6
](aq) + H
2
O
2
 (aq) ?2K
3
[Fe(CN)
6
](aq)
                                             + 2 KOH (aq)
is interpreted as oxidation due to the removal
of electropositive element potassium from
potassium ferrocyanide before it changes to
potassium ferricyanide. To summarise, the
term “oxidation” is defined as the addition
of oxygen/electronegative element to a
substance or removal of hydrogen/
electropositive element from a substance.
In the beginning, reduction was
considered as removal of oxygen from a
compound. However, the term reduction has
been broadened these days to include removal
of oxygen/electronegative element from a
substance or addition of hydrogen/
electropositive element to a substance.
According to the definition given above, the
following are the examples of reduction
processes:
2 HgO (s)    2 Hg (l) + O
2 
(g) (8.8)
(removal of oxygen from mercuric oxide )
2 FeCl
3
 (aq) + H
2
 (g) ?2 FeCl
2
 (aq) + 2 HCl(aq)
(8.9)
(removal of electronegative element, chlorine
from ferric chloride)
CH
2 
= CH
2
 (g) + H
2
 (g) ? H
3
C – CH
3
 (g) (8.10)
(addition of hydrogen)
2HgCl
2
 (aq) + SnCl
2
 (aq) ? Hg
2
Cl
2 
(s)+SnCl
4
 (aq)
(8.11)
(addition of mercury to mercuric chloride)
In reaction (8.11) simultaneous oxidation
of stannous chloride to stannic chloride is also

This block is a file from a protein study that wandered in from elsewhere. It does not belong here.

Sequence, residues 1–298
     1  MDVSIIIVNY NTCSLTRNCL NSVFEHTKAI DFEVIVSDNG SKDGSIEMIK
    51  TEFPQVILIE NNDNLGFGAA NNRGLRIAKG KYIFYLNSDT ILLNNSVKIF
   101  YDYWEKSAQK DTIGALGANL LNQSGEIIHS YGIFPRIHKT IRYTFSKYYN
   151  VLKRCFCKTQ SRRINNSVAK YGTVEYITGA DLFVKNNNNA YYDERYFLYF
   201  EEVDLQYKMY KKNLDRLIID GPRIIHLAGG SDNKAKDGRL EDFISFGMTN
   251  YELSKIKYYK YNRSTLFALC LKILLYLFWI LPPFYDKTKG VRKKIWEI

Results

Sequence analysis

occurring because of the addition of
electronegative element chlorine to it. It was
soon realised that oxidation and reduction
always occur simultaneously (as will be
apparent by re-examining all the equations
given above), hence, the word “redox” was
coined for this class of chemical reactions.
Problem 8.1
In the reactions given below, identify the
species undergoing oxidation and
reduction:
(i)  H
2
S (g) + Cl
2
 (g) ? 2 HCl (g) + S (s)
(ii) 3Fe
3
O
4
 (s) + 8 Al (s) ? 9 Fe (s)
                                                 + 4Al
2
O
3
 (s)
(iii) 2 Na (s) + H
2
 (g) ? 2 NaH (s)
Solution
(i) H
2
S is oxidised because a more
electronegative element, chlorine is added
to hydrogen (or a more electropositive
element, hydrogen has been removed
from S). Chlorine is reduced due to
addition of hydrogen to it.
(ii)  Aluminium is oxidised because
oxygen is added to it. Ferrous ferric oxide
2019-20
265 REDOX REACTIONS
(Fe
3
O
4
) is reduced because oxygen has
been removed from it.
(iii)  With the careful application of the
concept of electronegativity only we may
infer that sodium is oxidised and
hydrogen is reduced.
Reaction (iii) chosen here prompts us to
think in terms of another way to define
redox reactions.
8.2 REDOX REACTIONS IN TERMS OF
ELECTRON  TRANSFER REACTIONS
We have already learnt that the reactions
2Na(s) + Cl
2
(g)  ?  2NaCl (s) (8.12)
4Na(s) + O
2
(g)   ?  2Na
2
O(s) (8.13)
2Na(s) + S(s)     ?  Na
2
S(s) (8.14)
are redox reactions because in each of these
reactions sodium is oxidised due to the
addition of either oxygen or more
electronegative element to sodium.
Simultaneously, chlorine, oxygen and sulphur
are reduced because to each of these, the
electropositive element sodium has been
added. From our knowledge of chemical
bonding we also know that sodium chloride,
sodium oxide and sodium sulphide are ionic
compounds and perhaps better written as
Na
+
Cl
–
 (s), (Na